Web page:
In my opinion, Ken may also be able to make a claim for consequential damages, that is the future lost profits from regular customers who have indicated that they will purchase candies elsewhere, if the foreseeability and certainty of these damages can be proven. The case study clearly indicates that Ken expressly informed Sweet that this particular order was to be used for the Christmas season business, which was a special circumstance, beyond the ordinary course of events. Therefore, now Ken faces the loss of future orders from regular customers who have indicated that they will discontinue doing business with him. Given that the breaching party was aware of this special circumstance and a case may be made for reasonable foreseeability and certainty of the loss incurred due to the breaching party's nonperformance, I think that Ken may have a case for consequential damages as well. However, Sweet may counter this by claiming that Ken did not have to wait until December 10 and could have made reasonable efforts to procure the quantity of sugar needed once the contracted deadline of November 15 was past.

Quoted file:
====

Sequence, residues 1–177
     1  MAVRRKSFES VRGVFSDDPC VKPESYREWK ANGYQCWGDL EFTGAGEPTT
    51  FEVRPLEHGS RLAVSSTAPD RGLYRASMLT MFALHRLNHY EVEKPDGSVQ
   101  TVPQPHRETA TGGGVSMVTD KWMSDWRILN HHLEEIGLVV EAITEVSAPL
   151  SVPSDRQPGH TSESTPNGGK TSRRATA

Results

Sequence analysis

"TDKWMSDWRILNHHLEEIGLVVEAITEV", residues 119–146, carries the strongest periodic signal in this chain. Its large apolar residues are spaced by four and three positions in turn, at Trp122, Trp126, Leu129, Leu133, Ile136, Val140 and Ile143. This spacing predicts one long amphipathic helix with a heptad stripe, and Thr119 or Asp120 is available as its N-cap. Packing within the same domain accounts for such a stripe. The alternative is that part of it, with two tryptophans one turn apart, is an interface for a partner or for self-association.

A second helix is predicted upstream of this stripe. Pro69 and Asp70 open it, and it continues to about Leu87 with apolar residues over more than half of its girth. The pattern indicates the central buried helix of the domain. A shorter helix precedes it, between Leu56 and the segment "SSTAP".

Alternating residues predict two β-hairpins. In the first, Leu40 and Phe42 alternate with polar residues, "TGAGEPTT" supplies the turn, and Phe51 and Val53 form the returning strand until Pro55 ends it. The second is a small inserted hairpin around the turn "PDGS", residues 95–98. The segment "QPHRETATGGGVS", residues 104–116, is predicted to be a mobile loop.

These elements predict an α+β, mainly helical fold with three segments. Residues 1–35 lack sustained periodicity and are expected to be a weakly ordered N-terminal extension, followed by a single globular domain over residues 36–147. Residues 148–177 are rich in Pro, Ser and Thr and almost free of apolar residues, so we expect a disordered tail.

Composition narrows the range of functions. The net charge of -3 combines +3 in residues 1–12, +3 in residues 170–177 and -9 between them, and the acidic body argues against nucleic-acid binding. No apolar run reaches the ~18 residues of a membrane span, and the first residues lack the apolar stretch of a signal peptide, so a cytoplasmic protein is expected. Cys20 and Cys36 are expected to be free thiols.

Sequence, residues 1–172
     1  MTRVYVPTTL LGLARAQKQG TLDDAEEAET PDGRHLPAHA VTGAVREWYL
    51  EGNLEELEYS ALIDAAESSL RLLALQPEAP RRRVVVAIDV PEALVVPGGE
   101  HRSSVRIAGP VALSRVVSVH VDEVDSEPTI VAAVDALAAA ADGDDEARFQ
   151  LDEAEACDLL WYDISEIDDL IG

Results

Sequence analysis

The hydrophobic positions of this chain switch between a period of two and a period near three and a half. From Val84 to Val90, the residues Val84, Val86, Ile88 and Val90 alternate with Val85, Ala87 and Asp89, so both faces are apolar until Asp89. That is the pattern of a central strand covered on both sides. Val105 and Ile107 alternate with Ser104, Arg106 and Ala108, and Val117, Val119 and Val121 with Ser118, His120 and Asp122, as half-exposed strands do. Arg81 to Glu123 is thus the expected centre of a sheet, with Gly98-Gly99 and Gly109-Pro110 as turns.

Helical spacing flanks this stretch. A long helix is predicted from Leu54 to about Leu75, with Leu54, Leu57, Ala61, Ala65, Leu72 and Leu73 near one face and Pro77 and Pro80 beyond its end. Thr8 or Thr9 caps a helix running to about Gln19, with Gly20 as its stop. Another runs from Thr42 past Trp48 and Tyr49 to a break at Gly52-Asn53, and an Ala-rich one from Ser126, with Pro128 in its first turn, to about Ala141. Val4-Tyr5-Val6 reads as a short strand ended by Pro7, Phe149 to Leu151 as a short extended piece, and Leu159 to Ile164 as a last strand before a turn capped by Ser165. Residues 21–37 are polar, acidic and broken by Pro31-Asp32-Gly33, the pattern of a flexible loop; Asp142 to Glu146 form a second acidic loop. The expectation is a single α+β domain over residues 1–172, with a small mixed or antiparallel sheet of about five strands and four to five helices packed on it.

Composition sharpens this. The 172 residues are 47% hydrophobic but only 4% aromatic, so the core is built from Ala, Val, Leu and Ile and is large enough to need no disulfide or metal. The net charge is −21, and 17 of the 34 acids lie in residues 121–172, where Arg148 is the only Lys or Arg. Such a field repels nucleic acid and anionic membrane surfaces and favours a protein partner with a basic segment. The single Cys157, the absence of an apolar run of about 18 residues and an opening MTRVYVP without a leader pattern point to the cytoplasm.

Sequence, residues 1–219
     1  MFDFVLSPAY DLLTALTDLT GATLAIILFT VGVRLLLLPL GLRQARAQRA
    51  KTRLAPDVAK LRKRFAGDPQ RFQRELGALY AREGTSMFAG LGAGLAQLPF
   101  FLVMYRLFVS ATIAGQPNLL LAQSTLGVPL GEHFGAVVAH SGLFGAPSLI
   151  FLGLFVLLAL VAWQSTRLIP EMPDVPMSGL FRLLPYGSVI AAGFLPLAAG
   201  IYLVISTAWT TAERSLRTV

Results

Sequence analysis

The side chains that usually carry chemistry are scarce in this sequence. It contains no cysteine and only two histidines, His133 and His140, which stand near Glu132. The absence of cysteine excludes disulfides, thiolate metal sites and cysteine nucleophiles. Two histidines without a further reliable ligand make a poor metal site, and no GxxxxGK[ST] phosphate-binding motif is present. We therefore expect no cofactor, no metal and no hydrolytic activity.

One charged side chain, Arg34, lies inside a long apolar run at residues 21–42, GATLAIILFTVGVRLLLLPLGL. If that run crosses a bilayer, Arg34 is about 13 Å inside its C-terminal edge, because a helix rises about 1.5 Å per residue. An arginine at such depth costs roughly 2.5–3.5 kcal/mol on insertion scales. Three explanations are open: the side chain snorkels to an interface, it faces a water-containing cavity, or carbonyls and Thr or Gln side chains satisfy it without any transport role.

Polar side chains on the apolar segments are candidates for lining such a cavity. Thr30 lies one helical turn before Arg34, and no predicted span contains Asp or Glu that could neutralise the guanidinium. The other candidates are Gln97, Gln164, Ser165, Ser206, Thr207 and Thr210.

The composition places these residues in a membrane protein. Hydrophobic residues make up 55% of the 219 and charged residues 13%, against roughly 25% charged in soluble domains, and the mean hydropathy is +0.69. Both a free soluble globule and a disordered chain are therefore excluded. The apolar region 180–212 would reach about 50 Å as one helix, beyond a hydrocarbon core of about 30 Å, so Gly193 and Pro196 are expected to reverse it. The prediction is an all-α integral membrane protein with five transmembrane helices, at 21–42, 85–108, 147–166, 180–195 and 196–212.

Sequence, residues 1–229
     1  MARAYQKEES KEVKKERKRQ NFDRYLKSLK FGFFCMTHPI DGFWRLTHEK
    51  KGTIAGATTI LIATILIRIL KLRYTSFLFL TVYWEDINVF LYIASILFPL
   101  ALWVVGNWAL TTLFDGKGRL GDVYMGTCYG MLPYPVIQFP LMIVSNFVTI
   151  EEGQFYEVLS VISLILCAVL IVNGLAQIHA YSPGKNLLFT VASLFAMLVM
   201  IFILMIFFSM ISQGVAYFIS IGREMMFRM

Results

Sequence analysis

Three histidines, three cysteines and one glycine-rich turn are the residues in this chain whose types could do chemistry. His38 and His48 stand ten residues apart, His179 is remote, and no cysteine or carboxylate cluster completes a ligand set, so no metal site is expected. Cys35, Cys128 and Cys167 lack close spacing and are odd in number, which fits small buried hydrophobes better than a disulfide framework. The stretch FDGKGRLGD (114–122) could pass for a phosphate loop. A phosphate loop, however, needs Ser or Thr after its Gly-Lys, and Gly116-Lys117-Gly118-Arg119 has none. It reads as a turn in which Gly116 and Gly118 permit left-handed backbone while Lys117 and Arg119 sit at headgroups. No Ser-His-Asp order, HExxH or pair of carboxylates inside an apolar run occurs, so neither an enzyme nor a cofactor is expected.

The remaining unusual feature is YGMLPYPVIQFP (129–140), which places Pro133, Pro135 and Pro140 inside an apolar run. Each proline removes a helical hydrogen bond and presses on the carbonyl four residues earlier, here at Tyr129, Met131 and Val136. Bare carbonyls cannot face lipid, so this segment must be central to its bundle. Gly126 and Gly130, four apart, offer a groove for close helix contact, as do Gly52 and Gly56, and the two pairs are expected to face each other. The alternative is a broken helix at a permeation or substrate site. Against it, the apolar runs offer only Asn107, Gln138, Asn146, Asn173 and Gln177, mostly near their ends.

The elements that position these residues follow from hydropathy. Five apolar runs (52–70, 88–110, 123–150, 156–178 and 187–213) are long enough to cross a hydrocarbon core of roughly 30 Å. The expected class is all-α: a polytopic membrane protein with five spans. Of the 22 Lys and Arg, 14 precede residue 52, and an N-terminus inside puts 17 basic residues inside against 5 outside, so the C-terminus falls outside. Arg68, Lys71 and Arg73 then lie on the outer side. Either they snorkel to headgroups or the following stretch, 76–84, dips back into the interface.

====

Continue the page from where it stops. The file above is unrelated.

Other Types of Compensation that Ken can Claim
Ken is claiming compensatory, incidental, consequential and punitive damages from Sweet as described in one of the earlier sections above that discusses the nature of damages that Ken is claiming. Assuming that Ken fails in his bid to claim these damages, he may be able to claim other types of compensation.